Subjects were encouraged to choose a weight that they thought they could lift twice. The amount of repetitions that could be done was capped at 5 so that maximal set was done with >85% of their 1RM and to reduce some of the error in the prediction equation. The predicted 1RM squatting score was kept as an absolute value and as a value expressed relative to body weight for analysis (1RM/BW). Every subject could comfortably hold the bar in the “clean catch” position and was required to squat down to a thighs below parallel position where there hamstrings would touch their calf muscles. All of the participants regularly did front and back squats in their training and were competent with front squats. The front squat was chosen over the back squat because it was an easier method of dropping a weight during a failed maximal attempt.
Jump Testing Data Collection
All DJs, CMJs, and SJs (10) were performed and collected on a Kistler force plate (model 9287BA). The subjects were all familiar with this method from their regular team fitness testing. Before the jump testing, subjects underwent a 15-minute dynamic warm-up involving dynamic stretching, skipping, and bounding movements. The subjects were given 3 trials for both SJ and CMJ with 30 seconds between each jump.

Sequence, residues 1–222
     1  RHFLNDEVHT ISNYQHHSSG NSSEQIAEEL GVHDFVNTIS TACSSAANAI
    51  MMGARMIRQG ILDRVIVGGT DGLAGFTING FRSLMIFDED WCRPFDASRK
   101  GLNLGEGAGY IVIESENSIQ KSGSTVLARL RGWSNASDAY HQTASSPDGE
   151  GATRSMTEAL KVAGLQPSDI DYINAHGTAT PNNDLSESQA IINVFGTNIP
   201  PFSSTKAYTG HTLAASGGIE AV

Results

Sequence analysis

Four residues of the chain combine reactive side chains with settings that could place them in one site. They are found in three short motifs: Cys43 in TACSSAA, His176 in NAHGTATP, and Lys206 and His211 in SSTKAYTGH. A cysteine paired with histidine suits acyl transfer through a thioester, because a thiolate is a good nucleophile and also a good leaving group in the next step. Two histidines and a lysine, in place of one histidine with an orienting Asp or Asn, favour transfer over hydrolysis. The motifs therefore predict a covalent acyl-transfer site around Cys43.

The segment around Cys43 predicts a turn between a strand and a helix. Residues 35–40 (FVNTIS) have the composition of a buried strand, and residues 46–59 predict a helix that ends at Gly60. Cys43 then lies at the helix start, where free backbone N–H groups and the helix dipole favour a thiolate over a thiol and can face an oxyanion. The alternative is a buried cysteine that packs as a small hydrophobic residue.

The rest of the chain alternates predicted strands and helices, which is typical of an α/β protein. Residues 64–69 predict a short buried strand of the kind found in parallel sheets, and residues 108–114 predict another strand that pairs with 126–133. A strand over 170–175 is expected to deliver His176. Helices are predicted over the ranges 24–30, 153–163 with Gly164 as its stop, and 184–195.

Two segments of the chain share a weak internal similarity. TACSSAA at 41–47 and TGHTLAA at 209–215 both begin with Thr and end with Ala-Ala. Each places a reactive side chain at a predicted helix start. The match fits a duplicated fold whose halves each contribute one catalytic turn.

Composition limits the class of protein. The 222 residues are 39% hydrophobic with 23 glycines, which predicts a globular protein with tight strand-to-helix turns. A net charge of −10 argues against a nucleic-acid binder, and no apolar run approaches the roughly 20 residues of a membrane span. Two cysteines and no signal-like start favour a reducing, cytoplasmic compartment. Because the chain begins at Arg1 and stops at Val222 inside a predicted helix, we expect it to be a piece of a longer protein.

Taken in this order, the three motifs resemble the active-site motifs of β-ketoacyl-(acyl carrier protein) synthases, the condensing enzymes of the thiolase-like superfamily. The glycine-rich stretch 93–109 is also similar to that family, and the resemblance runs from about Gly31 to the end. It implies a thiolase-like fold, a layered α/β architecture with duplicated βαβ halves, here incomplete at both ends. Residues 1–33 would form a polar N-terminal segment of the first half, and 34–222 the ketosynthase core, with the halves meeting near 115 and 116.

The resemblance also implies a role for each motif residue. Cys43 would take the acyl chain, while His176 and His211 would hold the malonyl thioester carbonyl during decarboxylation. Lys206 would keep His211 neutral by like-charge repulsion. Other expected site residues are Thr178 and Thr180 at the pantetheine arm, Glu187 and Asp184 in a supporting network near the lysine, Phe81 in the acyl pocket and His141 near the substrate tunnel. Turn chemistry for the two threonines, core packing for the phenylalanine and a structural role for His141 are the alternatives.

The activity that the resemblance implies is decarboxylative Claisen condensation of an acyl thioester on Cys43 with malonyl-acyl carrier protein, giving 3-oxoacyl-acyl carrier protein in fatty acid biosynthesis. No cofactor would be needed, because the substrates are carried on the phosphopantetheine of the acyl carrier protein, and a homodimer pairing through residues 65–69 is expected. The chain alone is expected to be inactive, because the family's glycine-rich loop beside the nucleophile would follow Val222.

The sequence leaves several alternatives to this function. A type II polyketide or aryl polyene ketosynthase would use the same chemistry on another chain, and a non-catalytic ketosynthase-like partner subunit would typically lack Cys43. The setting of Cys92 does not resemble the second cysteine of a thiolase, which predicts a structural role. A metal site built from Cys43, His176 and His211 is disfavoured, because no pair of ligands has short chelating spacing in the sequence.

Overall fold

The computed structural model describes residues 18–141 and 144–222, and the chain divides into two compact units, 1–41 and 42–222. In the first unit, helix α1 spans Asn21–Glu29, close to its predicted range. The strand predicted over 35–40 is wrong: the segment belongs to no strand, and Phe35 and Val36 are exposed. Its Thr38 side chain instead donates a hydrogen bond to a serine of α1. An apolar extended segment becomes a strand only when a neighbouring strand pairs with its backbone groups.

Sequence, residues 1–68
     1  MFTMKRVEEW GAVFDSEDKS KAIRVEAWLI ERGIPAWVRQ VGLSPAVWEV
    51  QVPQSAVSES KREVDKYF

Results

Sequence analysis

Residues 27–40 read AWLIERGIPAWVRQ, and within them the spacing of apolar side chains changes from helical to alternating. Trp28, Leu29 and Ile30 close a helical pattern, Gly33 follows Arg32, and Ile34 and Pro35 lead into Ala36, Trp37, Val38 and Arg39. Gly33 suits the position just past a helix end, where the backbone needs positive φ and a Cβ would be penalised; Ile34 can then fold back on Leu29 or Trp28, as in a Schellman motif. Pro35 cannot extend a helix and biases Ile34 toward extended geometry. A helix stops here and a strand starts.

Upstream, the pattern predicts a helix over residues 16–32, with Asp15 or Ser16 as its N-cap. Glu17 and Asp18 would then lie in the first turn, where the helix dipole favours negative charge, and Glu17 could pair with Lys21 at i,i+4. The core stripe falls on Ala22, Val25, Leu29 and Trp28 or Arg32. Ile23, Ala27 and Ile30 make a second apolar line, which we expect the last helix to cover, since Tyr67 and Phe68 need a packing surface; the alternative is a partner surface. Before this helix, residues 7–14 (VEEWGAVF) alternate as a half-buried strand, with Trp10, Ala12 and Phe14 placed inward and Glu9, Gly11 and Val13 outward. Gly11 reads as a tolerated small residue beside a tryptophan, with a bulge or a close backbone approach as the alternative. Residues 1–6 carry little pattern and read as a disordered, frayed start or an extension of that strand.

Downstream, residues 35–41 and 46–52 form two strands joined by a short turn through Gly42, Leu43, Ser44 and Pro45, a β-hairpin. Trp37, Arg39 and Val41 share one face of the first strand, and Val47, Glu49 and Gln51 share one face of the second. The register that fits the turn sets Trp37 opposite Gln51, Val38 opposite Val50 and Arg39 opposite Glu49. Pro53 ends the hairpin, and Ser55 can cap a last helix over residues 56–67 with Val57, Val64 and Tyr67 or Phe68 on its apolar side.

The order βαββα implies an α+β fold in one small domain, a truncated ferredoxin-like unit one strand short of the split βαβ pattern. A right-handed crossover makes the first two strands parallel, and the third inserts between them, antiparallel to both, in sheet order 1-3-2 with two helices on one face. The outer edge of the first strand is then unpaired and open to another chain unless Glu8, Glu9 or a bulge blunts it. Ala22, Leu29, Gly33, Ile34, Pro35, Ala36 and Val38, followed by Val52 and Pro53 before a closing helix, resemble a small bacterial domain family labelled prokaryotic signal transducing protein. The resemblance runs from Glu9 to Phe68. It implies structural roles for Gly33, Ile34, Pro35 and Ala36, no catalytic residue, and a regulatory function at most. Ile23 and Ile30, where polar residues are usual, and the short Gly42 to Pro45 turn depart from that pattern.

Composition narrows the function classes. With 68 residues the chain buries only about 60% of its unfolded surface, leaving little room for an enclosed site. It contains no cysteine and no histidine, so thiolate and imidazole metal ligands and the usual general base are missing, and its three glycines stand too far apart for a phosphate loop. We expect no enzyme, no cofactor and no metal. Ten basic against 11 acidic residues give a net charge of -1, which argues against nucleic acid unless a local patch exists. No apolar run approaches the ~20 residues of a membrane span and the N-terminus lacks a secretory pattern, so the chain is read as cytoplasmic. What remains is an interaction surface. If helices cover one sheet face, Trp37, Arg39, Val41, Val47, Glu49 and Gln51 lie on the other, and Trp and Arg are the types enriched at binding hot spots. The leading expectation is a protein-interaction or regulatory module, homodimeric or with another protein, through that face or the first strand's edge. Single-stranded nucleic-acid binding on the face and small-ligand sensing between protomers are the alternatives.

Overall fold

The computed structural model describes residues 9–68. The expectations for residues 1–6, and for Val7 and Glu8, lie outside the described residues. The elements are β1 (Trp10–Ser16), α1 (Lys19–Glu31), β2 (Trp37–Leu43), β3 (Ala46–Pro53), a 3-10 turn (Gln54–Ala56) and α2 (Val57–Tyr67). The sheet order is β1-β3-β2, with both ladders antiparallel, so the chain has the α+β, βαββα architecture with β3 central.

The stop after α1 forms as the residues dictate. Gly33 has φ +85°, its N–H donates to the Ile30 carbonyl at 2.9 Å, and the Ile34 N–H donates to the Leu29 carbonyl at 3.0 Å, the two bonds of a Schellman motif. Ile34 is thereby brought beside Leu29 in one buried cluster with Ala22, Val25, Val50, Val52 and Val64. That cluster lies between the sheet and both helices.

Two Kistler forces plates (models 9287BA and 9287B) were used to collect the DJ data using the method suggested by Baca (1). Wooden boxes at the designated heights were placed on 1 of the force plates (Kistler 9287BA). Subjects would begin the DJ by stepping off the wooden box without lifting their center of gravity and landing on the other force plate (Kistler 9287B). The subjects were encouraged to “jump as high as they can while trying to minimize ground contact time.” Each force plate was sampling at 1,000 Hz.
The subjects were given 3 trials at each dropping height. The subjects were given 45 seconds in between each DJ at each height, which has been shown to be adequate rest between DJs (14). The subjects were given 3 minutes in between dropping heights. The tests began at the lowest (0.12 m) dropping height and progressively grew higher until they reached the highest (0.84 m) dropping height.